WHITEFIELD — Where are we now? What happens next?

The Carroll Withdrawal Committee focused on those two key questions during their second meeting on Thursday.

Gathered in the high school media center, the Withdrawal Committee laid out the current funding situation for the White Mountain Regional School District and looked at Carroll’s educational options if the town successfully exits the WMRSD.

That information will serve as the basis for future discussions, as the Withdrawal Committee begins a six-month evaluation of the town’s proposal to leave the district.

Earlier this year, Carroll voters approved a Town Meeting warrant article to initiate a withdrawal, 214-58.

The Withdrawal Committee has until Oct. 26 to make a recommendation to the state Department of Education, or request more time.


The WMRSD is a five-town cooperative school district that includes Carroll, Dalton, Jefferson, Lancaster and Whitefield.

Under the existing agreement, each community’s share of the school budget is based on its average daily enrollment (60 percent) and equalized property value (40 percent).

Carroll has objected to this formula as unfair. The town accounted for 26.3 percent of WMRSD local education tax revenue but just 5 percent of enrollment in the current school year.

“That is the crux of the problem,” said Ben Jellison of Carroll.

Complicating matters, Carroll accounts for 30 percent of the district’s assessed land value, making it the only WMRSD community that doesn’t qualify for state adequacy aid.

Other WMRSD communities receive between $500,000 (Jefferson) and $4 million (Lancaster) in state aid.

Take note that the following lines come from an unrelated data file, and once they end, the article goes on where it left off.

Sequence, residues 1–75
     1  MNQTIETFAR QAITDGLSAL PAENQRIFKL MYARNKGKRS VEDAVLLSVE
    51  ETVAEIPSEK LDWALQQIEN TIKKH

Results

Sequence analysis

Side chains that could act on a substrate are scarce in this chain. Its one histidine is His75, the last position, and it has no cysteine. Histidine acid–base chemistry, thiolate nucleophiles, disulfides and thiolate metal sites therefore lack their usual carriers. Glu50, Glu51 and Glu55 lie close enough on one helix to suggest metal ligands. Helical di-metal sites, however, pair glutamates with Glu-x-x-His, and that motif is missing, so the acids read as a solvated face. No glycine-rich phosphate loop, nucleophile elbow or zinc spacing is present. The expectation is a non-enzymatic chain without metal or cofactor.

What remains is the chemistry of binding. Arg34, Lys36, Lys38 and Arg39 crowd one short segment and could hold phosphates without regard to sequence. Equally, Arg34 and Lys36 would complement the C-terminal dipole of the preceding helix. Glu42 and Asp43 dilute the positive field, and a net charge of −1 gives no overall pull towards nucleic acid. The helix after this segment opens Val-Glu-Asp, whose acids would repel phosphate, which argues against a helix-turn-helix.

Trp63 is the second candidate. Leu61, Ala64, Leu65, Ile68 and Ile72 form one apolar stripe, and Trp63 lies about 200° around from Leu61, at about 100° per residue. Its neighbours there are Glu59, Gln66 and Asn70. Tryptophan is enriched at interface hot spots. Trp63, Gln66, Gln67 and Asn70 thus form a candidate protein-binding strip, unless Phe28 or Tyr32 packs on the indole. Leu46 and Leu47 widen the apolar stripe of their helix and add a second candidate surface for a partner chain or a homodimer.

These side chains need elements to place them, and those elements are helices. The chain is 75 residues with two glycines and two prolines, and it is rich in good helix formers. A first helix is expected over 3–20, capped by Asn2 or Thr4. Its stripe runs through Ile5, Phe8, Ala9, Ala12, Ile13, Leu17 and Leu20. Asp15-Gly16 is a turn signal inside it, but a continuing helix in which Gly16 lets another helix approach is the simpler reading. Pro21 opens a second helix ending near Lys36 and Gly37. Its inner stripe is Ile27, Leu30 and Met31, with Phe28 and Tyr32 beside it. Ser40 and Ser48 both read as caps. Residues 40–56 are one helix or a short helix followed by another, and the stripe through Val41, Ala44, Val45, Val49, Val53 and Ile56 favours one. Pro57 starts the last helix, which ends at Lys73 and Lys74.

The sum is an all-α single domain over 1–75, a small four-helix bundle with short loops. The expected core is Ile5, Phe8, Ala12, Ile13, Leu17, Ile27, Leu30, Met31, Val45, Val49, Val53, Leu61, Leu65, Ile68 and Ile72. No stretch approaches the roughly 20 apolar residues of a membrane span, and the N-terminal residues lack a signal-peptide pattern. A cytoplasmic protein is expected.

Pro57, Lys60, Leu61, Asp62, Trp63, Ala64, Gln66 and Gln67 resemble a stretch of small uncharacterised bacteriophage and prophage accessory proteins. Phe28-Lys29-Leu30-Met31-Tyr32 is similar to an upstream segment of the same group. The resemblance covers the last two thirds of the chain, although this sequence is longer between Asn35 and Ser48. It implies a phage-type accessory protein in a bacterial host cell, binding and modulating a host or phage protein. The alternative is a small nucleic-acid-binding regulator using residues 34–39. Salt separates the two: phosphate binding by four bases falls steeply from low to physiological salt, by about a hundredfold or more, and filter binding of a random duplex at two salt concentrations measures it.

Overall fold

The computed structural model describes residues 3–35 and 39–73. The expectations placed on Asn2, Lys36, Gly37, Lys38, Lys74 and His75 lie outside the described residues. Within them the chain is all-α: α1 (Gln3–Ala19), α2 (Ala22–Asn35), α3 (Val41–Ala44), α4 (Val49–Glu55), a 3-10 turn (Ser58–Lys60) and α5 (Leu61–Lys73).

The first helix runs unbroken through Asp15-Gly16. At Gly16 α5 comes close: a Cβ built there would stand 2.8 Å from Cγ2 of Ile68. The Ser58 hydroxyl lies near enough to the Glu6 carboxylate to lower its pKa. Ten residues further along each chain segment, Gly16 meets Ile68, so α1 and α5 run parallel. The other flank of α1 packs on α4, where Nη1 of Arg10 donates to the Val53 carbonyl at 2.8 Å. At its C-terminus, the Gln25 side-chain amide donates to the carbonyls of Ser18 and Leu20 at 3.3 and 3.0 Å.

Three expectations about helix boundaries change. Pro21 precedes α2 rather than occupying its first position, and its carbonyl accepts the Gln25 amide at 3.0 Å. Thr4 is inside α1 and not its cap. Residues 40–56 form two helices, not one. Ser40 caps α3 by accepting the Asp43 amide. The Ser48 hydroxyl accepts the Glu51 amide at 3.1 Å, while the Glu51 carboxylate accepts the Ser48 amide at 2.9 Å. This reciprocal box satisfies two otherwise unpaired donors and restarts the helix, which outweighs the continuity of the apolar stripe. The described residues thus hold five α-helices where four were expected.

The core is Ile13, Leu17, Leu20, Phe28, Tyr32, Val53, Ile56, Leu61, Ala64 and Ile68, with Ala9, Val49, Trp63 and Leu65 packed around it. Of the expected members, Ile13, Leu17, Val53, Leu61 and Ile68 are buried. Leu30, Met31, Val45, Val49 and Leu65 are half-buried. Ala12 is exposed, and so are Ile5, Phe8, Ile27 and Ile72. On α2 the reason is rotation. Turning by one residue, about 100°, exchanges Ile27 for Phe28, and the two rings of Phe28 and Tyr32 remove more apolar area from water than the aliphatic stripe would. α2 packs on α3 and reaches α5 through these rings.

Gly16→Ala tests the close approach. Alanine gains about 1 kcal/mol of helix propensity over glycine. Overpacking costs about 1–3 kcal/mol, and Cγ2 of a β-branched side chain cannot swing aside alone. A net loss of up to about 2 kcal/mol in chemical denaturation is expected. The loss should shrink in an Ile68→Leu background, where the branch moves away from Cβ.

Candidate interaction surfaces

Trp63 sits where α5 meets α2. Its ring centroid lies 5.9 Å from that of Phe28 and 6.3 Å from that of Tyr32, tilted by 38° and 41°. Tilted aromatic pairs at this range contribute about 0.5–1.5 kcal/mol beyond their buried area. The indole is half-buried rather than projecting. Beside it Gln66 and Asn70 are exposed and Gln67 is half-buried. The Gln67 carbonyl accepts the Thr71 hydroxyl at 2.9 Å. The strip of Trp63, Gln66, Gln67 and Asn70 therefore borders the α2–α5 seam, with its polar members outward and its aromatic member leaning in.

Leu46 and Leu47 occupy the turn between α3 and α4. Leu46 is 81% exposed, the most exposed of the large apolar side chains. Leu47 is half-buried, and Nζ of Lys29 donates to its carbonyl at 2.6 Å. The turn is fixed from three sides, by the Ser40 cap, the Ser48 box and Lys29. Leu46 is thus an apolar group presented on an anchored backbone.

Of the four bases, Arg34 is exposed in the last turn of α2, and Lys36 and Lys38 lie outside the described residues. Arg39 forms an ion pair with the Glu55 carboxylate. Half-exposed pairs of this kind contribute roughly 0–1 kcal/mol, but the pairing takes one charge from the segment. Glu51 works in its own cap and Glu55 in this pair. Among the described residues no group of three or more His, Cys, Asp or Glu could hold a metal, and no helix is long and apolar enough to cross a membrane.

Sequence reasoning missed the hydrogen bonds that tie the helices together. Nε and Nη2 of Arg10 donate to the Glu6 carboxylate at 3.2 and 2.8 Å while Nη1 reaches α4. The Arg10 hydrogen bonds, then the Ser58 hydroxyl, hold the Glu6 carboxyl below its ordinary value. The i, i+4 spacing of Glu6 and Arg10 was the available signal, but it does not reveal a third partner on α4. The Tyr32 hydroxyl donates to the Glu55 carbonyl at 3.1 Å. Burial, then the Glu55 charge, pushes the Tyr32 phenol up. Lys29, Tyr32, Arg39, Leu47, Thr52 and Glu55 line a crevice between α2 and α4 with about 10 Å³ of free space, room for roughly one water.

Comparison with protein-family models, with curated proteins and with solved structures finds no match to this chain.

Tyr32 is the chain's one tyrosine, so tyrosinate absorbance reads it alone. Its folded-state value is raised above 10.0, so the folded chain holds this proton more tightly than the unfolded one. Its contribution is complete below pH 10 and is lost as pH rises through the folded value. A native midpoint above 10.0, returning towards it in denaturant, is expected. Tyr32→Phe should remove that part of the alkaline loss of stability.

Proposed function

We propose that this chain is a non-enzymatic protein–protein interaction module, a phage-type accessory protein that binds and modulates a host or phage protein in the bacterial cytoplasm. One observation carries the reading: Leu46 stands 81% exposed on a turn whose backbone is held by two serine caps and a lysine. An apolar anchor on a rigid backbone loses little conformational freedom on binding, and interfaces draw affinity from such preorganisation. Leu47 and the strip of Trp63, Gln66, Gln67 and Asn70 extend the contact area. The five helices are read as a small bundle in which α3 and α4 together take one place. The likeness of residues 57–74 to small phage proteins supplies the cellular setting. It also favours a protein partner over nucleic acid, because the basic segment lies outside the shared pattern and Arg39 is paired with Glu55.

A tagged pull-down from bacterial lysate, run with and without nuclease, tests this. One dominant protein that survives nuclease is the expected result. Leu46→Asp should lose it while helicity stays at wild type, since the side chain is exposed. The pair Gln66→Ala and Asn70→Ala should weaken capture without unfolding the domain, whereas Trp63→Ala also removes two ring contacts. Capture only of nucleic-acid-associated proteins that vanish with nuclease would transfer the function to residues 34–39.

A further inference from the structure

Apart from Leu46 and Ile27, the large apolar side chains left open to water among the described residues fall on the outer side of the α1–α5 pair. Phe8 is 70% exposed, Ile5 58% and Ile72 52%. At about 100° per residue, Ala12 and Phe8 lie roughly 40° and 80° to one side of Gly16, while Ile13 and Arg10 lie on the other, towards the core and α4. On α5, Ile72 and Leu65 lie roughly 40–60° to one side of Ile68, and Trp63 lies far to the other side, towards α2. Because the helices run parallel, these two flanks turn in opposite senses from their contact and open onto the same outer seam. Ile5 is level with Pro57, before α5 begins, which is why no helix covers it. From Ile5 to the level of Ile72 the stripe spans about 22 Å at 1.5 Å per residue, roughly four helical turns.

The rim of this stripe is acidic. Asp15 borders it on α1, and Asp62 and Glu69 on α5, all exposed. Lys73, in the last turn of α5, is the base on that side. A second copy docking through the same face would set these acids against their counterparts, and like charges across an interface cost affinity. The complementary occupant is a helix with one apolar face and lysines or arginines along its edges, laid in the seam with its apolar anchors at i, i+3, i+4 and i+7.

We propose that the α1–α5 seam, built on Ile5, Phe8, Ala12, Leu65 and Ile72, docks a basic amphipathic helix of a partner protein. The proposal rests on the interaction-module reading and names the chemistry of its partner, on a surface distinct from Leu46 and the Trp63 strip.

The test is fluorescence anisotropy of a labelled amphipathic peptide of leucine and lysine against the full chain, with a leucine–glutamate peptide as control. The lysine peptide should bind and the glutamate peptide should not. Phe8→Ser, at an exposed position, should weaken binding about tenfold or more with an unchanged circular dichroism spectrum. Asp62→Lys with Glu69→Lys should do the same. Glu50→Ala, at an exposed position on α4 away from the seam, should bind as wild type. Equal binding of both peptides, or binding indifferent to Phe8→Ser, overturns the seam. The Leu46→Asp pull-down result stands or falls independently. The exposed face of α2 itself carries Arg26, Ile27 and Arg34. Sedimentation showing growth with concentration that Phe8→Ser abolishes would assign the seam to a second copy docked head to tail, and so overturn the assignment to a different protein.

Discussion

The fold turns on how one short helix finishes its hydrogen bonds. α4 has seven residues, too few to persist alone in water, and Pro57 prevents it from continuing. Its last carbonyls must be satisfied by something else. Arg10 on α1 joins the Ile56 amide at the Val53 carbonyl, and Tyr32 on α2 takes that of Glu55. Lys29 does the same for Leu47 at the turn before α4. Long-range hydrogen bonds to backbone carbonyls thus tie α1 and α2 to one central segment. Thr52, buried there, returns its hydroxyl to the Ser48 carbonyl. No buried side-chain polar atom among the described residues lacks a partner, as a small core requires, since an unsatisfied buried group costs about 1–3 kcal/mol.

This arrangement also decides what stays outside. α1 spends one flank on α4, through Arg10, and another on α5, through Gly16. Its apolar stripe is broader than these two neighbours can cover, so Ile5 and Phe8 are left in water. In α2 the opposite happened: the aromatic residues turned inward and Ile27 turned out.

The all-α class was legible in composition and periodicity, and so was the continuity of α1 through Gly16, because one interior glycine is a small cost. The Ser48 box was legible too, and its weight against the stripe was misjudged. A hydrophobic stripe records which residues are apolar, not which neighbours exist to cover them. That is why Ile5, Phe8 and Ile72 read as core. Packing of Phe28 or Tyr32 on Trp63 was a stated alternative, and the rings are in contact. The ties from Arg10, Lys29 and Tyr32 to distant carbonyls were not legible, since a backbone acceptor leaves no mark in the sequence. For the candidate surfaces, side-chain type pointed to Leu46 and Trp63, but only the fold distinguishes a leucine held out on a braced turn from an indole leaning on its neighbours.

The Withdrawal Committee must report to the Department of Education with a recommendation, or request for more time, by Oct. 26.

Minority reports, if there are any, would be due by Nov. 1.

Next, the Department of Education would approve a plan — either the plan submitted, or the minority report.

If the Department of Education decides against withdrawal, the process ends. If DOE finds in favor of withdrawal, the proposal would be voted on by all five WMRSD communities during the annual school meeting.

If the proposal fails at the annual school meeting, the process ends. If it passes, withdrawal would take effect by July 1 of the following year.

If the withdrawal proposal is passed by Carroll, but fails district-wide, then Carroll could appeal to DOE, which would take the matter under consideration and issue findings and recommendations, possibly requiring a special meeting for a vote of reconsideration.


If Carroll successfully withdraws from the WMRSD, there are two primary paths it can take.

Stay In SAU 36: An independent Carroll School District and the remaining four-town WMRSD would remain a part of the current supervisory union, SAU 36.

Carroll and WMRSD would have separate school boards, but share the same superintendent and central office staff. Members of both school boards would serve on an SAU 36 executive committee.

Leave SAU 36: This would require Carroll to complete two separate processes. District withdrawal (ongoing) is required first before SAU withdrawal could happen.

SAU withdrawal would require a planning committee (to study the proposal and create a transition plan), a public meeting on the plan, a DOE recommendation on the plan and — if the DOE supports it — a district-wide vote requiring 3/5 approval to pass.

Following a successful SAU withdrawal, Carroll could form a new SAU or join another.

In that scenario the town could become part of a different cooperative school district, such as the Profile or Lafayette Regional school districts, or form a new one.


Load comments